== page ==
Today, the schools don’t require book covers so the books end up destroyed at the end of the year. More tax dollars down the drain.


19 posted on 08/18/2012 10:19:01 AM PDT by bgill
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To: bgill
"And we could draw on or decorate them any way we wanted to."

And boy, did we! Also decorated them w/ my stickers, especially the scratch and sniff ones. Some of those were just plain fun.

J.B.-n-J.V......2gether 4 eva, lol.

20 posted on 08/18/2012 10:24:25 AM PDT by NoGrayZone (For evil to triumph it is only necessary for good men to do nothing.)
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To: Kaslin

Save The World

Do Not Use Plastic Bags To Carry These Grocery Items Home


21 posted on 08/18/2012 12:53:10 PM PDT by Iron Munro ("Jiggle the Handle for Barry!")
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To: Kaslin

Plus, you have to put your garbage in some plastic bag before it goes to your garbage can. Most people re-use their plastic shopping bags for that. If you don’t get plastic shopping bags, you just have to spend money on garbage bags, which cost you extra money.


22 posted on 08/18/2012 1:04:19 PM PDT by Uncle Miltie (You didn't build that. The private sector is doing fine. We tried our plan and it worked.)
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To: Kaslin; All

Every complex problem has a simple solution ... that is wrong. Simple solutions are attractive because any fool can see what they are supposed to do. It is much more difficult to see the unintended consequences of their implementation.


23 posted on 08/18/2012 1:09:12 PM PDT by marktwain
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To: camle
id offer an opinion that if you took the environmental costs of producing, vending, washing, etc. the cloth bags the green want us to use, is far greater than that spent producing plastic grocery bags.....just sayin

Cost is a very honest indicator of how much total energy is used. True green costs less, not more. But this isn't really about the environment, it's about leftists trying to force you to buy less stuff. Driving up the cost via government regulation is a brutally effective method.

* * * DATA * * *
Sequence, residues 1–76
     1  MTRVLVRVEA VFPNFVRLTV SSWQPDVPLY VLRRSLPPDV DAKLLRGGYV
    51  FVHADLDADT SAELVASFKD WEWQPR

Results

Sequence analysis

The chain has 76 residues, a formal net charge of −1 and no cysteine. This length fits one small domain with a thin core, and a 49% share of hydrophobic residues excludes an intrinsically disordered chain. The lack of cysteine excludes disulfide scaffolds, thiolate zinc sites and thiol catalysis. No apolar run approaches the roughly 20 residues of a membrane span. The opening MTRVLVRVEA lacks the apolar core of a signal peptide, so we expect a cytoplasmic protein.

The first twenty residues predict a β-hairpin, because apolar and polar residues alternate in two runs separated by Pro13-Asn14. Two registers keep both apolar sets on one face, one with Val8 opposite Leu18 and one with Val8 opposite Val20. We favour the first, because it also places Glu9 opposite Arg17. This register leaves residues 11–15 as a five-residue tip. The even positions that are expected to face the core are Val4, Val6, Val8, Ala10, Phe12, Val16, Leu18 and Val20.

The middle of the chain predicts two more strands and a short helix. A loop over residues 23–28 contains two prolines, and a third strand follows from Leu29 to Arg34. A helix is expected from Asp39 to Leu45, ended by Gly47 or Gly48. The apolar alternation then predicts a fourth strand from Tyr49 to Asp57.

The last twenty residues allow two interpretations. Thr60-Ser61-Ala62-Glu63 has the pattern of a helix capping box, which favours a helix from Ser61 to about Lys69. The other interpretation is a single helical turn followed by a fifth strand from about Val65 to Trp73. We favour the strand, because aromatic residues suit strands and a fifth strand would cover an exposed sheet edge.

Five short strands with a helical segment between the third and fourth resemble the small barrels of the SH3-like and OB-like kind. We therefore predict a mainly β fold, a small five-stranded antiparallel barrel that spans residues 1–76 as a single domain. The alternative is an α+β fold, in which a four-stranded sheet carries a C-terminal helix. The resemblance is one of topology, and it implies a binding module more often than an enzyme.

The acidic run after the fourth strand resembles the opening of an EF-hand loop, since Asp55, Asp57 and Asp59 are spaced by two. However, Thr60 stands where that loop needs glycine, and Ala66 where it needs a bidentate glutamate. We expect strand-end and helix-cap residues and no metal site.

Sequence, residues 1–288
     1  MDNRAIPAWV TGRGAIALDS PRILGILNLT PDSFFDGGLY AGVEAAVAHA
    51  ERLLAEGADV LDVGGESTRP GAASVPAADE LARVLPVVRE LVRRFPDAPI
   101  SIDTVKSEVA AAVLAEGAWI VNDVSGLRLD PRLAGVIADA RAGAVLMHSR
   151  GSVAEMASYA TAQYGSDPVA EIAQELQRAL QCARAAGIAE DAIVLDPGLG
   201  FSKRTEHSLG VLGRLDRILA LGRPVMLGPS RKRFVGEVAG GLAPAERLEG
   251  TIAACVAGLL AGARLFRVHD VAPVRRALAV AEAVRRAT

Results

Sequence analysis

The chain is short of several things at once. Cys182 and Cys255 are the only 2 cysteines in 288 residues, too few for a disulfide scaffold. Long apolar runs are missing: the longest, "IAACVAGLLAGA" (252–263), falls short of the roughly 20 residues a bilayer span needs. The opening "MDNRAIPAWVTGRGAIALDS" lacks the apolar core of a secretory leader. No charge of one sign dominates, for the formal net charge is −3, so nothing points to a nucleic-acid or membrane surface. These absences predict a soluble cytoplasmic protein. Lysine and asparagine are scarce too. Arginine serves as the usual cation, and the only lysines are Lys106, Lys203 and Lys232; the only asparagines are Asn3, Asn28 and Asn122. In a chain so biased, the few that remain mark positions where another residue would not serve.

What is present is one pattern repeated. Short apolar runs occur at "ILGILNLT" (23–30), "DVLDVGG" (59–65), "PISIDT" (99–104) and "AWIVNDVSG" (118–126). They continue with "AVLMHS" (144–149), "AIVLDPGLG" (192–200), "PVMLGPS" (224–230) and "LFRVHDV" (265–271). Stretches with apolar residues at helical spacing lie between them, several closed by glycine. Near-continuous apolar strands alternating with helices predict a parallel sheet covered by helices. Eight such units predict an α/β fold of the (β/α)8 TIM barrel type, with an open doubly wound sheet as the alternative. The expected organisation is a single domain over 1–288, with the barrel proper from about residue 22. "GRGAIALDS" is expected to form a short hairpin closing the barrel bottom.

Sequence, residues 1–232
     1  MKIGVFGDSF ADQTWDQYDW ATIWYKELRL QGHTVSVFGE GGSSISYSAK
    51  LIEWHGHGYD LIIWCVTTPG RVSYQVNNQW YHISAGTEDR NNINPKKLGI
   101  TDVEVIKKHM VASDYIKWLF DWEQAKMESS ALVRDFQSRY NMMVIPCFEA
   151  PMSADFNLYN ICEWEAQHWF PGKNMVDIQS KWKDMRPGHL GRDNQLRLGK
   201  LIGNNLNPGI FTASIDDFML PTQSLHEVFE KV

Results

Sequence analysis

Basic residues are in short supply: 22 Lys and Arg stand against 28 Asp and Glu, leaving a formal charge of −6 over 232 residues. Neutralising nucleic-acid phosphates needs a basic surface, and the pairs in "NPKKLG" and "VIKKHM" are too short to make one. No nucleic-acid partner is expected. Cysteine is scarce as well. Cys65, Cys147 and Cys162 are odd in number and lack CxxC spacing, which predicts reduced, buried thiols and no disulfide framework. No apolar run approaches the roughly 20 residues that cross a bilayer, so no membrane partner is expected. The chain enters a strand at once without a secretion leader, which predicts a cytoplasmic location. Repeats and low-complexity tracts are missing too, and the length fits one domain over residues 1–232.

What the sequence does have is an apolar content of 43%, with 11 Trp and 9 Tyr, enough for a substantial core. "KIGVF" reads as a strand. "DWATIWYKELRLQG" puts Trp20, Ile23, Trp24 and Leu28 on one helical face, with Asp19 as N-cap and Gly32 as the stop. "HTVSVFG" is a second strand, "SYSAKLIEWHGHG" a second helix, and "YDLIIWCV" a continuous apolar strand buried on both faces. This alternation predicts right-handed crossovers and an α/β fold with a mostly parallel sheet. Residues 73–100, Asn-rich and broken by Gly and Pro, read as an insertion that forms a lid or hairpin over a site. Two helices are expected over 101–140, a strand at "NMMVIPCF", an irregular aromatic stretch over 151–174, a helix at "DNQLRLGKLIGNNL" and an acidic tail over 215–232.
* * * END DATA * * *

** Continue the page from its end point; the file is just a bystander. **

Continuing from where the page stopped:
24 posted on 08/18/2012 2:29:45 PM PDT by Reeses (An optimist believes the Republicans nominated their best. A pessimist knows they did.)
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To: Iron Munro
Why when my cats catch a mouse I always put them in milk bottles....

>> How do you get the cat through that little hole?


25 posted on 08/18/2012 4:17:07 PM PDT by a fool in paradise (Only Obama put a dog on the roof of his mouth. Dogs are friends, not food.)
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To: Former Proud Canadian

The plastic grocery bags came about out of recycled plastic milk gallon jugs.

Ecofreaks told us they were better for us than the paper bags. Then they changed their minds.

I use the paper bags for trash at home and carry them to the dumpster. I agree, they should decompose better than plastic.


26 posted on 08/18/2012 4:18:51 PM PDT by a fool in paradise (Only Obama put a dog on the roof of his mouth. Dogs are friends, not food.)
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This made me of littering in general. I am very well traveled. Nobody I have ever known anywhere in the US litters. There are exceptions, people with boats in the south always sink there beer bottles, not because they want to litter, but to eliminate evidence from the boat. I have seen campers here and there ditch beer bottles for the same reason. When I have seen people littering intentionally in the city, it has always been latinos, which may be a cultural thing, as I’ve been many places in Mexico and Central America where the streets looked like landfills. In the US, the more slummy areas in big cities tend to be trash recepticles. Also I remember driving from Louisiana to Texarkana Arkansas, and I remember a wall of garbage starting exactly at the Arkansas state line.


27 posted on 08/18/2012 4:51:25 PM PDT by dsrtsage (One half of all people have below average IQ. In the US the number is 54%)